This was it – the big one, history in the making.
A more cynical man than me might say this fixture, Fleetwood Town’s first ever in the Football League, could never have lived up to the hype.
And, on the surface at least, it didn’t.
But as ever in football, the scoreline only tells half the story of a day Micky Mellon’s men almost secured a historic victory.
Put it down to nerves, inexperience, pressure, a goalkeeper just having one of ‘those’ days – Town served up everything but that vital goal at a sun-soaked Highbury.
Micky Mellon chose to make one change from the side dispatched from the Capital One Cup by Nottingham Forest, Damien Johnson in for Conor McLoughlin, while late signing Alex Marrow earned a spot on the bench.
Fleetwood made the brighter start and could have made a dream opening to their Football League campaign after just 10 minutes.
And how fitting that the first chance fell to one of the main men of their Conference campaign – Jamie McGuire was in the right place to launch a stinging shot from the edge of the six-yard box, Michael Poke equal to the midfielder’s effort.
But Torquay, League Two play-off semi-finalists last term, were no pushovers and Steve McNulty had to be sharp in Town’s defence to block Ian Morris’ effort from 18 yards.
Mellon has spent big over the summer to plug the gap left by Jamie Vardy and Fleetwood showed their attacking grit just after the quarter hour, a period of sustained pressure only coming to an end when Johnson’s shot was deflected wide.
Targetman Jon Parkin was proving a real danger, not to mention a magnet for Torquay defenders, opening up opportunities for Town inside the Gulls’ box.
Andy Mangan should have made more of the space he was afforded at the back post, blasting his shot over, but still Town were more than holding their own on their Football League debut.
Every now and then, mind you, came a reminder of the need to be clued-up in defence, never more so than when Mangan lost out to Billy Bodin, though keeper Scott Davies on hand to keep Town on level terms.
Fleetwood continued to press and, after half an hour, had a good shout for a penalty when David Ball appeared to be hauled down, referee Chris Sarginson unmoved by the protests or the roar of the Town faithful.
With half-time approaching, the drama took an unexpected twist when a large hole opened up, not in Fleetwood’s oft-fragile defence but in the pitch itself.
For groundsman Dale Frith it must have come as a bit of an embarrassment that the chasm appeared right in front of Mellon’s dugout seat.
With a newly installed drain, rather than rabbits, to blame experts did some gathering, stroking of chins and general tutting before sending for a sticking plaster, in the form of a bucket of soil.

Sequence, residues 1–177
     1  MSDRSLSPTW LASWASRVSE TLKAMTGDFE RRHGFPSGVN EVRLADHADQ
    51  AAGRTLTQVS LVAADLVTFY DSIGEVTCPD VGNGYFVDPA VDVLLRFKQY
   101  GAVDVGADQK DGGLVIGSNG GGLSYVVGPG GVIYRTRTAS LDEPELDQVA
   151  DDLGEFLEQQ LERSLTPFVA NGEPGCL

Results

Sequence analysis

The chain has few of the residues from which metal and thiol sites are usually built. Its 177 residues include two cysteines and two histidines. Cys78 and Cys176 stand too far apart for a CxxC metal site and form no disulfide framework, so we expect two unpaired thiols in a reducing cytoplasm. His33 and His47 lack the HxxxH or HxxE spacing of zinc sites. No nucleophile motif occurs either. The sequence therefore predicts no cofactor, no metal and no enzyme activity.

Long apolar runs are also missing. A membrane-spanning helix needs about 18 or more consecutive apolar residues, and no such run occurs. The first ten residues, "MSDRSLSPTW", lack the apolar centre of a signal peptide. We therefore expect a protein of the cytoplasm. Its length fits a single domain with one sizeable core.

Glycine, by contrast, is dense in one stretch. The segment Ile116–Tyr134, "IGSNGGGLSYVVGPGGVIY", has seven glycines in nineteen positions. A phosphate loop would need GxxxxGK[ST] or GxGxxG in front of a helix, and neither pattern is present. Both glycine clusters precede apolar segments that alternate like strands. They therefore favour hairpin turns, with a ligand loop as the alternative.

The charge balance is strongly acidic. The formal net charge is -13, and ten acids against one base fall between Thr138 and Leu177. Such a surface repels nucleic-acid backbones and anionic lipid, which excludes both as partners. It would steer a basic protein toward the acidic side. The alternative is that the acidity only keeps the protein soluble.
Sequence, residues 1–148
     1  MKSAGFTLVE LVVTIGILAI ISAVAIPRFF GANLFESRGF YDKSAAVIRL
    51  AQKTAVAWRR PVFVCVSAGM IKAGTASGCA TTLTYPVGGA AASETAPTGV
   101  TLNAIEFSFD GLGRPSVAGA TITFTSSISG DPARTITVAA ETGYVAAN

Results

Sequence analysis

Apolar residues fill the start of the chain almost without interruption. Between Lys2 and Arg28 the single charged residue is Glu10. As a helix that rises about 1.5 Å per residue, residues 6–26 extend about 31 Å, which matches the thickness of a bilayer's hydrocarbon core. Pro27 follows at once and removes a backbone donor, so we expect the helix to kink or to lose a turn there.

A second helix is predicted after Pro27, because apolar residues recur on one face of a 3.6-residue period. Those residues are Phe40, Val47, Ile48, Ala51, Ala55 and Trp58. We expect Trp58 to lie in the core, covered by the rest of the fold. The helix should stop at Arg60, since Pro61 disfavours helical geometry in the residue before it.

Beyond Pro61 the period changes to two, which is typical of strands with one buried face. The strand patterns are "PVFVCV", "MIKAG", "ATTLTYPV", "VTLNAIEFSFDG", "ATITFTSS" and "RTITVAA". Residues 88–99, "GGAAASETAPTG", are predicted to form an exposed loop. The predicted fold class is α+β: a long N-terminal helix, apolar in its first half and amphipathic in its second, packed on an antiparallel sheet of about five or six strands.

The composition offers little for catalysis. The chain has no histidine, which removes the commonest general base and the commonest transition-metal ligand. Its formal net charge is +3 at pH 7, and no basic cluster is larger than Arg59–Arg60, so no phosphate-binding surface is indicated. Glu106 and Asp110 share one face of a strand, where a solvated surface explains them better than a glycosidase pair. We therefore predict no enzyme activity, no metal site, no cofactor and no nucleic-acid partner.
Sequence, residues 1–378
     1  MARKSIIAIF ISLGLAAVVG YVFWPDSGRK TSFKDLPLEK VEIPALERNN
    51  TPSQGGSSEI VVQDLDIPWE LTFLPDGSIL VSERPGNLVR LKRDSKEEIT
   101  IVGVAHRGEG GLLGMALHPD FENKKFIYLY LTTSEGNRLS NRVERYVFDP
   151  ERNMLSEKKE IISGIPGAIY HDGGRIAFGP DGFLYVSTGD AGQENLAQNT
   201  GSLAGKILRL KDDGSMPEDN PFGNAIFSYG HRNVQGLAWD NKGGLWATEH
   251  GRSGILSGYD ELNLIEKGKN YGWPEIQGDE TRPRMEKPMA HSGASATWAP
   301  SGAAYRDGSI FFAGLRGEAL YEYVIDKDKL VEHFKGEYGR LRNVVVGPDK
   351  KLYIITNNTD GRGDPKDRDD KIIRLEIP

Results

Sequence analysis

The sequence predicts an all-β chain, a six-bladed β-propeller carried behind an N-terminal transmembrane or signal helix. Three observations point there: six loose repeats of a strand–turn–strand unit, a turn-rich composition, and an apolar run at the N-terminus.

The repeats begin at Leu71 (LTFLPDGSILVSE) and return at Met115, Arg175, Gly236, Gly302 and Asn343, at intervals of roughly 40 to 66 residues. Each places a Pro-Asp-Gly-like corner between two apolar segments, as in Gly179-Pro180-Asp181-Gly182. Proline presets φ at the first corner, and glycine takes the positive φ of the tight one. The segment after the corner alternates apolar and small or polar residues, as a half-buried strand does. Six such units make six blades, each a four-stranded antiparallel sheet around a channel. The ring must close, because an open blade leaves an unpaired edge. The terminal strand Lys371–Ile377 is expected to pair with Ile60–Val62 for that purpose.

And so it was back to the football action and to the offensive for Fleetwood, Mangan getting the better of Joseph Oastler to feed Parkin in the middle, his missile surely goal-bound had it not taken a cruel deflection.
On the stroke of half-time, Town again created an opportunity to open their League account. Ball’s cross from the right was beyond Jamie McGuire but nobody had picked up Mangan at the back post – the Fleetwood forward, for a second time, was unable to get over his shot which he blazed over the bar.
The second period seemed a more cautious affair at the outset but came alive on the hour mark, when Fleetwood launched another full frontal assault on the Gulls goal.
Town always looked likely to create down the left channel, and so it proved in a 10-minute period of utter domination.
First up with a chance was McGuire, his header from Ball’s cross missing out thanks to another deflection.
Next up for target practice was Junior Brown, the substitute playing in his more natural role as a winger. He got his header on target only to see it blocked by a scrambling Torquay defence.
Then it was the turn of Parkin, with a looping shot which looked to be dipping in, Poke with another fingertip save to keep the visitors on level terms.
Shaun Beeley’s blast from the edge of the box would, on another day, have squirmed into the back of the net but Torquay were showing no signs of cracking as they had done against Leicester City in the cup in midweek.
And, as the fizz went out of Fleetwood’s game, the Devon side looked to capitalise, Scott Davies twice called into action to prevent a late smash and grab.
First the keeper was forced to parry wide Ian Morris’s 22-yard drive. Then, moments later, he was needed to thwart Bodin, Torquay’s most lively attacking threat.
So much so, he could have grabbed an undeserved winner for Torquay with five minutes remaining, his shot narrowly flashing past the post. There was just time for one last Parkin effort – a trademark back-post header – but the deadlock remained unbroken.
Not the win Fleetwood fans craved and the team surely deserved, but the Cod Army will travel to Bradford tomorrow brimming with confidence and believing they are capable of matching anything the Football League can throw at them.
The adventure, after all, has only just begun.